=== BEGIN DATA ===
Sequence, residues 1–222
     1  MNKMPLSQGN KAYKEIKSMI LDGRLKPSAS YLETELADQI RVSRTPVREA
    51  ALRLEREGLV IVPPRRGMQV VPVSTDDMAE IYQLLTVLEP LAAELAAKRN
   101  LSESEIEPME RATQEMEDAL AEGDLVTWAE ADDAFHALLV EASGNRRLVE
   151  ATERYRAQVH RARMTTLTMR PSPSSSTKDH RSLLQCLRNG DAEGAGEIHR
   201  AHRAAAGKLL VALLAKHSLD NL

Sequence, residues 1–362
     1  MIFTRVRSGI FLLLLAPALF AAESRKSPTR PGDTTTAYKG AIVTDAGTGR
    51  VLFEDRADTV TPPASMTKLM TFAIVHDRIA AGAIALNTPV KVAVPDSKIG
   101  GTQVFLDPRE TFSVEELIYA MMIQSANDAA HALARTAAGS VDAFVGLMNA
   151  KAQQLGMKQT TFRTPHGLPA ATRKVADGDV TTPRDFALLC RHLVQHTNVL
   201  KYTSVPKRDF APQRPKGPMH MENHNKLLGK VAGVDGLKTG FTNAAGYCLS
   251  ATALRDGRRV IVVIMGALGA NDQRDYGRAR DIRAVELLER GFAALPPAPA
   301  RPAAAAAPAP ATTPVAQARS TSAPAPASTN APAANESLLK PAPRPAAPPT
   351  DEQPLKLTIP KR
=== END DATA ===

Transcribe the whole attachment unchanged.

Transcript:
Sequence, residues 1–222
     1  MNKMPLSQGN KAYKEIKSMI LDGRLKPSAS YLETELADQI RVSRTPVREA
    51  ALRLEREGLV IVPPRRGMQV VPVSTDDMAE IYQLLTVLEP LAAELAAKRN
   101  LSESEIEPME RATQEMEDAL AEGDLVTWAE ADDAFHALLV EASGNRRLVE
   151  ATERYRAQVH RARMTTLTMR PSPSSSTKDH RSLLQCLRNG DAEGAGEIHR
   201  AHRAAAGKLL VALLAKHSLD NL

Sequence, residues 1–362
     1  MIFTRVRSGI FLLLLAPALF AAESRKSPTR PGDTTTAYKG AIVTDAGTGR
    51  VLFEDRADTV TPPASMTKLM TFAIVHDRIA AGAIALNTPV KVAVPDSKIG
   101  GTQVFLDPRE TFSVEELIYA MMIQSANDAA HALARTAAGS VDAFVGLMNA
   151  KAQQLGMKQT TFRTPHGLPA ATRKVADGDV TTPRDFALLC RHLVQHTNVL
   201  KYTSVPKRDF APQRPKGPMH MENHNKLLGK VAGVDGLKTG FTNAAGYCLS
   251  ATALRDGRRV IVVIMGALGA NDQRDYGRAR DIRAVELLER GFAALPPAPA
   301  RPAAAAAPAP ATTPVAQARS TSAPAPASTN APAANESLLK PAPRPAAPPT
   351  DEQPLKLTIP KR